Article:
Director Tom Shankland explains how he kept his thriller taut and tense while retaining its emotional depth. Jon Creamer reports
Director Tom Shankland helmed all eight of the episodes of the upcoming Harry and Jack Williams drama The Missing. The series is about a small boy abducted during a French holiday and the emotional fallout for his family. The series is told simultaneously across two timelines.
What stage was the series at when you signed on?
There were four very tight, brilliant scripts to read when I first came in contact with the project. They had resisted the temptation to go into greenlight mode too early. They wanted it to be a very precisely told, eight-hour epic. And you can only do that if you’ve shown a lot of love to everything.
What struck you about the script?
It’s a very emotional story but what I responded to was its intriguing structure. I thought this should play as a fantastic thriller but also as a puzzle for the audience.
How did that inform the camera style?
I thought it would be good if the camera had a slightly objective approach so I wouldn’t move it often or, if it moved, it would have to be for a very good reason. I wouldn’t cut very much and try to let things breathe and invite the audience to lean in a bit to the story to participate in solving the mystery.
What else informed the style?
Ole [the DoP] and I found a great book of photographs by Wim Wenders of these empty spaces – absence became a bit of a theme. We also wanted the sense of being abroad through British eyes. I wanted that slightly exotic, slightly other, sometimes alienating, sometimes enticing setting that this couple would find themselves in while they’re having the worst experience of their life. It was fantastic thinking of this in more filmic terms with wider shots and textural ideas like using sound to give the audience this experience of being a fish out of water.
Did the locations affect the script at all?
We fell in love with the hero town when we found it [the drama was shot in Belgium but set in France]. It felt perfect. It wasn’t a hideous place for this family to break down in but equally it’s not a tourist place. It’s a real working town with great locations and it threw up ideas I could feed back to Jack and Harry so they could rework scenes. It was an organic, collaborative process. It’s the perfect way to work.
How did you work with the actors? We were lucky as we did have some good rehearsal time with Jimmy [Nesbitt] and Frances [O’Connor]. Even though we were going to shoot the present day scenes first I wanted to focus on 2006 [when the son is abducted] so when we went back to it, and the more immediate, harrowing, emotional scenes, there was a sense memory from that rehearsal week. It also meant Jimmy and Frances had got to know each other really well by that time.
Is there a danger of going over the top with the harrowing post abduction scenes?
I never wanted this to feel like emotional pornography. There’s a fine line where the audience just don’t want to go there. It was vital we manage that and were respectful of the emotional sense but equally we didn’t want to make this a harrowing experience for the audience.
You’ve shot horrors and thrillers before. Did that experience come into play here?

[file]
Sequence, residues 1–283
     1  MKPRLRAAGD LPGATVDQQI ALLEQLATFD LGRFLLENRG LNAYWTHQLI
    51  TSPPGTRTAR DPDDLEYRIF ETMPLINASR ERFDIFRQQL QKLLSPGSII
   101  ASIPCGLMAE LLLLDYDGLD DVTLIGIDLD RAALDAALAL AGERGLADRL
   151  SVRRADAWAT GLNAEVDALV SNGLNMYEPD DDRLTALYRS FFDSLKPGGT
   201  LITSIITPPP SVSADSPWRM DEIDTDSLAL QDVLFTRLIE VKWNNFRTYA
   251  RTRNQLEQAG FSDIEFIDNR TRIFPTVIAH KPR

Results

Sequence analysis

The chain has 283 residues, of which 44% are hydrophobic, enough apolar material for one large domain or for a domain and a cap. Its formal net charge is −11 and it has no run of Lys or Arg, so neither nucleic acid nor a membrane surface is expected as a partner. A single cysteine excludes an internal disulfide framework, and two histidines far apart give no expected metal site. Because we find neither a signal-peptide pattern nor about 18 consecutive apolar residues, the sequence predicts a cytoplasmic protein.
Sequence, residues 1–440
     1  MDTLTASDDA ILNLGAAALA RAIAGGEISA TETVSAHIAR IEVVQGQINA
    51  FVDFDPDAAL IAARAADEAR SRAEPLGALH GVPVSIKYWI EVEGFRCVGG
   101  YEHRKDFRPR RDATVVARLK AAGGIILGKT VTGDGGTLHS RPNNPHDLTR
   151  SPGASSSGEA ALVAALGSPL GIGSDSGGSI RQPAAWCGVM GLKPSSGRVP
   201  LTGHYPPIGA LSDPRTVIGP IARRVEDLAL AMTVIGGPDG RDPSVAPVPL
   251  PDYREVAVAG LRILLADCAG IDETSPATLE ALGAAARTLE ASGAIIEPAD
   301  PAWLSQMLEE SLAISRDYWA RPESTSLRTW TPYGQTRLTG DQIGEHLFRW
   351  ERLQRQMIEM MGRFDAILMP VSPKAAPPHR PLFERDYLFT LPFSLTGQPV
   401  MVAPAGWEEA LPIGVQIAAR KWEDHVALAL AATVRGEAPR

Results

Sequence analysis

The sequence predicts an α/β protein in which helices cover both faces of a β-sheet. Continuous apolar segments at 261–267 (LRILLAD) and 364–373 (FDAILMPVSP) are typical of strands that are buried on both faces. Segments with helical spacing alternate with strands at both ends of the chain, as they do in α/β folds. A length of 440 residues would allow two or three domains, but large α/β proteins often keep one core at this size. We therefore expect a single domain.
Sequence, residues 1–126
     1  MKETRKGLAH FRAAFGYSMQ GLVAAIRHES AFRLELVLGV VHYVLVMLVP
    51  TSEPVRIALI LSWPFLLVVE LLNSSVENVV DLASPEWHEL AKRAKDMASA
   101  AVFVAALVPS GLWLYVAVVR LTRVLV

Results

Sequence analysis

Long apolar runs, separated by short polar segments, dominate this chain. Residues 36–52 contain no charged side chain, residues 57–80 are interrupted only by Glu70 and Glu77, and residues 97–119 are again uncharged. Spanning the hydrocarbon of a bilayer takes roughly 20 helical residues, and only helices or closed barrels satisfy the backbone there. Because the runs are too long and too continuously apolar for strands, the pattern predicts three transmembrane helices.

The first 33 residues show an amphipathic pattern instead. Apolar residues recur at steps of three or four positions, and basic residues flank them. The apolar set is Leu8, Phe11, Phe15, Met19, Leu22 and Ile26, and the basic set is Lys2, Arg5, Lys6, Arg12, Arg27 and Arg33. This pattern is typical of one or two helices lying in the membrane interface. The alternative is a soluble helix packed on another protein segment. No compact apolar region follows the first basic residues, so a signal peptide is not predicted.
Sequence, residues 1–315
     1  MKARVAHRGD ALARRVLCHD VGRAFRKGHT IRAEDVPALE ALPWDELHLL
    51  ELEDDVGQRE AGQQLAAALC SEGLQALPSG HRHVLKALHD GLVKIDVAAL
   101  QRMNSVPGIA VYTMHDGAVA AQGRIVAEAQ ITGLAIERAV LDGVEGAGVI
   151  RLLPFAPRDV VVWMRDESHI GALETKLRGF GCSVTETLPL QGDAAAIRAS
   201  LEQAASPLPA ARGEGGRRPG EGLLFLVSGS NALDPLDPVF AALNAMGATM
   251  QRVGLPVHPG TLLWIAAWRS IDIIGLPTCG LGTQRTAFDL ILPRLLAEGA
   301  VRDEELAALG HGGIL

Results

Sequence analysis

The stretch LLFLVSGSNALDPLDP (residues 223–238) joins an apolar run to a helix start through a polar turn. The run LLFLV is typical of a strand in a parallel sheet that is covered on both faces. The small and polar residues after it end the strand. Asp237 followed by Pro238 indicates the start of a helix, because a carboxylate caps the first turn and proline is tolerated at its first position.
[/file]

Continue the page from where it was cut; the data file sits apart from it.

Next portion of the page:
Having done a lot of work in those sub genres you develop a sense of how to structure suspense and how to manipulate the rhythm – when you want to play a Hitchcock trick on the audience. They are genres that I love but with this I wanted to treat it differently. I didn’t want to play the games we’d seen before. We do have our genre moments but I was always looking to find a different approach to these beats and trying to stay within our quite composed style.
What films influenced the style?
I’m a big fan of 70s conspiracy thrillers and lot of things shot by Gordon Willis. The DoP and myself felt that there was something about a film like The Godfather where there’s a lot of tension but not a lot of camera movement or cutting. We were trying to get back to a slower burning cinematic style where you didn’t lead the audience with a manipulative visual language. I was keen that this felt like a grown up watching experience where you’re not going to be spoon-fed. I didn’t want loads of music telling you what to feel all the time. Dominik [the composer) has done an amazing job and I’m delighted we haven’t got loads of droaning suspense all over the place. That was all part of trying to achieve a sparer style. Because I was so confident in the tension inherent in the script, I didn’t feel we didn’t need to over cook the thriller dimension.
The Missing tells the story of a child abducted during a family holiday and his family’s desperate search for him. The story is told across two timelines and two countries simultaneously
Exec producers Willow Grylls, Charlie Pattinson, Elaine Pyke (New Pictures); John Yorke (Company); Harry and Jack Williams (Two Brothers Pictures); Polly Hill (BBC); Colin Callender (Playground); Eurydice Gysel (Czar TV)
Producer Chris Clough
Director Tom Shankland
Writers Harry and Jack Williams
Cast James Nesbitt, Frances O’Connor , Tcheky Karyo, Jason Flemyng, Emilie Dequenne, Said Taghmaoui, Ken Stott
Line producer Letitia Knight
Production manager Koen Fransen
Production designer Paul Cripps
1st AD Simon Hedges
DoP Ole Bratt Birkeland
Editors Una Ni Dhonghaile, Fiona Colbeck, Danielle Palmer
Composer Dominik Scherrer
Post supervisor Phil Brown
Camera Red Epic-X
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